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Journal Article

Long-Term Passivation of Strongly Interacting Metals with Single-Layer Graphene

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http://pubman.mpdl.mpg.de/cone/persons/resource/persons22071

Schlögl,  Robert
Inorganic Chemistry, Fritz Haber Institute, Max Planck Society;

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ja5b08729 1..9 - jacs.pdf
(Publisher version), 7MB

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Citation

Weatherup, R. S., D’Arsié, L., Cabrero-Vilatela, A., Caneva, S., Blume, R., Robertson, J., et al. (2015). Long-Term Passivation of Strongly Interacting Metals with Single-Layer Graphene. Journal of the American Chemical Society, 137(45), 14358-14366. doi:10.1021/jacs.5b08729.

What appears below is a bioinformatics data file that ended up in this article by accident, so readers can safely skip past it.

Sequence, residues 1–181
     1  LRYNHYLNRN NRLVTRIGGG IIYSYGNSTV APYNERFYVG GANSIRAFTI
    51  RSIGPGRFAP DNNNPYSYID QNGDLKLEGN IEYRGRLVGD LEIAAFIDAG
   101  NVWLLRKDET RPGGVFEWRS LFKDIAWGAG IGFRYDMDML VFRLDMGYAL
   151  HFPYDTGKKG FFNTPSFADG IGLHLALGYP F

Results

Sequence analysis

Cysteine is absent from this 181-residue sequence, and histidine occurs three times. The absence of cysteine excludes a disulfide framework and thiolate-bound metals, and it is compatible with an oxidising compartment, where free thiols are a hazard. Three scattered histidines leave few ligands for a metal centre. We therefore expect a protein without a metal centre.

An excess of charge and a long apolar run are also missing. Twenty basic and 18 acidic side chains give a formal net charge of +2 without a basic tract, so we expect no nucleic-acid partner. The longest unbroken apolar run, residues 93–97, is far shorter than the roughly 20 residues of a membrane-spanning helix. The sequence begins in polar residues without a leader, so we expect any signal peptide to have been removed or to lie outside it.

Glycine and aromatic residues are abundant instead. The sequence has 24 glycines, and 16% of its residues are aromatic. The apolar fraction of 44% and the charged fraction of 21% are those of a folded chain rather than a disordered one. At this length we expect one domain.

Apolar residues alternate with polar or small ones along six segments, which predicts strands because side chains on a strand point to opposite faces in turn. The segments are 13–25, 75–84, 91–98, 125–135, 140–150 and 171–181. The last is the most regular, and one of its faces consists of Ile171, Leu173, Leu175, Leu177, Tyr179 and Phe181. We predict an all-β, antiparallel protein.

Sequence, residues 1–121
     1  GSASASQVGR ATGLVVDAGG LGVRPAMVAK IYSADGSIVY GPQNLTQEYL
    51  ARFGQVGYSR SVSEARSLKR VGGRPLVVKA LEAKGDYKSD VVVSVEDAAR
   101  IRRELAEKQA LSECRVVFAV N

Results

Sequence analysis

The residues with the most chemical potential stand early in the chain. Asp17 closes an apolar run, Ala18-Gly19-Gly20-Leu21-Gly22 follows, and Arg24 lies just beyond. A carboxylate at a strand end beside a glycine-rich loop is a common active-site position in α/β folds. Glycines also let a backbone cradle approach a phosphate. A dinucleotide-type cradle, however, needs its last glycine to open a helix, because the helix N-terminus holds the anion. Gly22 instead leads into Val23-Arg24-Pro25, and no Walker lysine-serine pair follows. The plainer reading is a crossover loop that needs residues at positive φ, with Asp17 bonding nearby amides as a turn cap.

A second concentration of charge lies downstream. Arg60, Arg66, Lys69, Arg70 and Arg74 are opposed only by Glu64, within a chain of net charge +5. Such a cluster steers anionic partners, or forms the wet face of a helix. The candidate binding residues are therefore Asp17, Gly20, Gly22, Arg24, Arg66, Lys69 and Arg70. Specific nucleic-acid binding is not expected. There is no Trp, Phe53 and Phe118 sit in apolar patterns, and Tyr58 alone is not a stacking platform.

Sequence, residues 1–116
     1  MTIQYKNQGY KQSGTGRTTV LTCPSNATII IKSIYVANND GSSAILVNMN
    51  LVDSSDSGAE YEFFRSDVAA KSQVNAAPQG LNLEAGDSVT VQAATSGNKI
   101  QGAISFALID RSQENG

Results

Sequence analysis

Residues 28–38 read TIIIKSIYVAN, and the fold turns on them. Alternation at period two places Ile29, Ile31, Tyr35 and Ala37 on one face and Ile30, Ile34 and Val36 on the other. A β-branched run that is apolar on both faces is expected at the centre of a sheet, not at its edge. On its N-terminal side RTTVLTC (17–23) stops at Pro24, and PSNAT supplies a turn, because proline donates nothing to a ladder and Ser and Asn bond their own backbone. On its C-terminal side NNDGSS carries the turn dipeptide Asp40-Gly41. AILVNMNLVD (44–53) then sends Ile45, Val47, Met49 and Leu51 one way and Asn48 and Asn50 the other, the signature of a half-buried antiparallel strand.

Cite as: http://hdl.handle.net/11858/00-001M-0000-0029-424B-9
Abstract
The long-term (>18 months) protection of Ni surfaces against oxidation under atmospheric conditions is demonstrated by coverage with single-layer graphene, formed by chemical vapor deposition. In situ, depth-resolved X-ray photoelectron spectroscopy of various graphene-coated transition metals reveals that a strong graphene–metal interaction is of key importance in achieving this long-term protection. This strong interaction prevents the rapid intercalation of oxidizing species at the graphene–metal interface and thus suppresses oxidation of the substrate surface. Furthermore, the ability of the substrate to locally form a passivating oxide close to defects or damaged regions in the graphene overlayer is critical in plugging these defects and preventing oxidation from proceeding through the bulk of the substrate. We thus provide a clear rationale for understanding the extent to which two-dimensional materials can protect different substrates and highlight the key implications for applications of these materials as barrier layers to prevent oxidation.